General 2-2-2005

Alternative Valentines

Not in the mood for corny romantic comedies this Valentine’s Day? Check out our best offbeat recommendations.


Wild at Heart

Directed by David Lynch

MGM Entertainment

Lighting a match has never looked as cool and seductive as it does in David Lynch’s erotic road-trip fairytale Wild at Heart. In love and on the run, Sailor (Nicolas Cage) and Lula (Laura Dern) make their way west across the southern states after Lula’s mother (excellently played by Dern’s mother, Dianne Ladd) puts out a hit on Sailor. The journey, punctuated by provocatively orchestrated sex (enhanced on camera with light manipulation), ends with a meeting with one of cinema’s creepiest villains, Bobby Peru (Willem Dafoe). In this world that’s “wild at heart and weird on top,” only the good witch can help the star-crossed lovers reach a happy ending. –Eric Arima

Heavenly Creatures

Directed by Peter Jackson


Before ascending to the movie-geek pantheon with the Lord of the Rings trilogy, director Peter Jackson explored the darker side of fantasy in this 1994 tale of love, death and obsession. Based on a true story, set in 1950s New Zealand, Heavenly Creatures traces the relationship between glamorous Juliet (Kate Winslet) and awkward new-kid Pauline (Melanie Lynskey). The pair are schoolmates who quickly become best friends, creating an elaborate fantasy world based on their shared love of fairytale romance and Orson Welles. As they drift closer and closer to becoming lovers, though, the pressure from parents and teachers to keep them apart intensifies; the solution they devise is shocking, even in these enlightened times. Aside from the compelling story, the film is worth a look as a look into Jackson’s development as a director–his painstakingly constructed glimpses of Pauline and Juliet’s baroque play-world clearly presage his LOTR work–and as a record of Winslet’s finest pre-Eternal Sunshine oddball-romance performance. –Matt Konrad


Directed by Steven Shainberg

Lion’s Gate

Secretary is a surprisingly sweet S&M love story with creepy-yet-attractive James Spader and ingenue Maggie Gyllenhaal cast as dominant and submissive respectively. Gyllenhaal is an innocent but troubled young woman, recently released from inpatient mental health treatment. She’s looking for a boring, safe job and the security of being told what to do. Spader, a quietly cruel but vulnerable lawyer, just happens to be looking for a secretary to micromanage. As the two work together, they find they have mutually attractive emotional damage, and discover their unusual proclivities are perfectly matched. Gyllenhaal and Spader are an unexpectedly electric couple; the sex scenes are understated, erotically charged and delightfully twisted. If it’s an unconventional fairy tale you’re looking for, this gently defiant celebration of untraditional love offers a refreshing, witty twist on the usual Cinderella story. –Susannah McNeely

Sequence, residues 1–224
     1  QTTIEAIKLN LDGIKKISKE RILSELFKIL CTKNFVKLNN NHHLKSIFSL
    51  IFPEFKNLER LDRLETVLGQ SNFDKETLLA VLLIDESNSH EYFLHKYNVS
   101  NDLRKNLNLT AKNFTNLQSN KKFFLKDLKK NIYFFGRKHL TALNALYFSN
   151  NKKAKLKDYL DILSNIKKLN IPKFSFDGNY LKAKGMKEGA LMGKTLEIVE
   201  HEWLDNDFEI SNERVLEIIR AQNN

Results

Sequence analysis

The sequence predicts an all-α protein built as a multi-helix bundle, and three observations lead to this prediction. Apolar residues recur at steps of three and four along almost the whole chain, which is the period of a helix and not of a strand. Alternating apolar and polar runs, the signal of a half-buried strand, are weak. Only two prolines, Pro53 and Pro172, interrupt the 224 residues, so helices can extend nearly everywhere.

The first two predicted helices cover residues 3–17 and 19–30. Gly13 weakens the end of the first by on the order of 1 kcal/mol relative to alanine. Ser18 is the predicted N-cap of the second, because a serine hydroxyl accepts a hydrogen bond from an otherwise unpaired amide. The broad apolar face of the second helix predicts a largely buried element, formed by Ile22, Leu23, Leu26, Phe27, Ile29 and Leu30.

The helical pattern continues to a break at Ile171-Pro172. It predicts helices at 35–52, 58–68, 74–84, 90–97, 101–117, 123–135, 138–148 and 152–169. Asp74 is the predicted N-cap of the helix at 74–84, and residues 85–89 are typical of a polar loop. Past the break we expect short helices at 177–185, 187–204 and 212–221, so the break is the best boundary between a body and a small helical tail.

Directed by Patty Jenkins

Columbia Tristar Home Entertainment

Although widely billed as a biopic of executed serial killer Aileen (“Lee”) Wuornos, Monster could be better described as a cautionary tale constructed around the relationship between Lee and her heavily fictionalized lover, Selby Wall. Lee (played by Charlize Theron, recipient of critical props for her convincing ugliness in this role) is a longtime highway prostitute who, after trying unsuccessfully to straighten out her life, begins killing men in order to preserve herself and her relationship with Selby (an authentically innocent, mullet-headed Christina Ricci). Of course, the relationship takes a tragic turn (in case staging a number of brutal murders isn’t quite distressing enough). The main idea that emerges from this heavily-tailored account of love and murder is that the real root of Lee Wuornos’s killing spree is her unhealthy acceptance of a romantic middle-school mantra: “All you need is love and to believe in yourself.” That, and apparently, a gun. –Suzanne Shaffer

Sex and Lucia (Lucía el sexo)

Directed by Julio Medem

Palm Pictures

Sex and Lucia is a movie just made for couples, especially those couples that don’t exactly make sense. The plot is convoluted and at times, yes, tiresome. But the Mediterranean locations and acting are exquisite; the early love scenes are so full of fun. The couple’s laughing as much as panting. First the story seems simple: here is Lucia (Paz Vega); she has a lot of sex. Lucia reads a book by Lorenzo (Tristán Uloa), loves it, then decides she loves him; seeks him, and they live together. Until Lorenzo discovers he has a daughter, the product of a one-night moonlight escapade. This is where the plot gets thick, and the movie drifts. All the same, Paz Vega holds it together with her over-bite smile and strong–even while nude–stride. Watch this movie with a lover–like curly hair in the morning, it is a beautiful mess. –Nate Cuellar

Wanna finish reading the rest of our picks? Visit our website at to find out where you can pick up a copy of Ruminator in your neighborhood!